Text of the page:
Arthur Miller's The Crucible was written in response to the McCarthy-era in America, as an allegory for the witch hunts against supposed communists. The presidential order resulted in an obsession with exposing the 'red under the bed', destroying friendships and disrupting communities with fear and suspicion. Today, it appears more timely than ever, as we again find ourselves living in an era of heightened fear and anxiety. The play resonates as current warning against hysteria, the threat of religious fundamentalism and even the potential danger of fake news.BWW Review: GABRIEL, Richmond Theatre April 1, 2017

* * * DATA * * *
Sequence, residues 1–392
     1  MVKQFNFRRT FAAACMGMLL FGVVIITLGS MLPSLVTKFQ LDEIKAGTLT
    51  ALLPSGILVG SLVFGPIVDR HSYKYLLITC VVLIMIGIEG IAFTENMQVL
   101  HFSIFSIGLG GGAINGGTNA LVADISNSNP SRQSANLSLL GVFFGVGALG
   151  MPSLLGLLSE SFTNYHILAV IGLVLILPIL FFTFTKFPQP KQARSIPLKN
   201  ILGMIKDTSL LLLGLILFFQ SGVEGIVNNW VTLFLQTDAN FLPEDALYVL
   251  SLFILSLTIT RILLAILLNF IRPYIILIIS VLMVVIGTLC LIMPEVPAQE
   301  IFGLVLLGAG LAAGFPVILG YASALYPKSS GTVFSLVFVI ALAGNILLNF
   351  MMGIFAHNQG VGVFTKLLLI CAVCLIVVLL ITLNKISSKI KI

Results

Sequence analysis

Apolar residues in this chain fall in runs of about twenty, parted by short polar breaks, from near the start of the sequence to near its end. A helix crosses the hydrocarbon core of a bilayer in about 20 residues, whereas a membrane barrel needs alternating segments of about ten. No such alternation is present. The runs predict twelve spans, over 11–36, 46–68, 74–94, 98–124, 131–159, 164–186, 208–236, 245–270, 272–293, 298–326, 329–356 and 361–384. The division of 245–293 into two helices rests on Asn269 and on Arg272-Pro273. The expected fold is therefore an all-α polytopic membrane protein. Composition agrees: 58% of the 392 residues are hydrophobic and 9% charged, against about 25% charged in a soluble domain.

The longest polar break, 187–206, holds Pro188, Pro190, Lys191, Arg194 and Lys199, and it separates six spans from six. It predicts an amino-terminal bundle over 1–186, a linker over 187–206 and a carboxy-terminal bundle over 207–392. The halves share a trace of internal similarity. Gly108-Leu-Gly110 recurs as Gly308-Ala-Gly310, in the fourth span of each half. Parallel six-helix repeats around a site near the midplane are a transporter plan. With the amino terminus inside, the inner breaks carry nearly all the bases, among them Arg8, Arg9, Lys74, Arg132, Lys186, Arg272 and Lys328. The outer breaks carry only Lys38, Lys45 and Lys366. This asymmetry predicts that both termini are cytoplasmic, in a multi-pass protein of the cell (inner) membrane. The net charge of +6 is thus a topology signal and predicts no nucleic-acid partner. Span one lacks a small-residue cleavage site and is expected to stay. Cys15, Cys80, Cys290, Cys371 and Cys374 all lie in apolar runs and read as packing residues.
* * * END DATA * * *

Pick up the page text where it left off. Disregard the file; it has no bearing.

In a plot more than a little reminiscent of Daphne du Maurier, Gabriel seesJeanne Becquet is trying to keep her young daughter and Jewish daughter-in-law safe under the ever-increasing threat of the Nazis in German-occupied Guernsey in 1943. When a young manwashes up on the shore near the house, it is not clear who he is or where he comes from. Fluent in both German and English, it becomes increasingly clear that his presence in her house is incredibly dangerous and one wrong move could spell disaster for Jeanne and those closest to her.BWW Review: DOG ENDS, Tabard Theatre March 24, 2017
Last seen in 1984 as BBC's Play for Today, Dog Ends establishes a scenario familiar to many; George is growing weary of looking after his frail elderly father and his beloved dog. Set in an ordinary home, the play looks at a social impact of an ageing population and the possible solutions that may be attempted to alleviate this pressure on the NHS and society.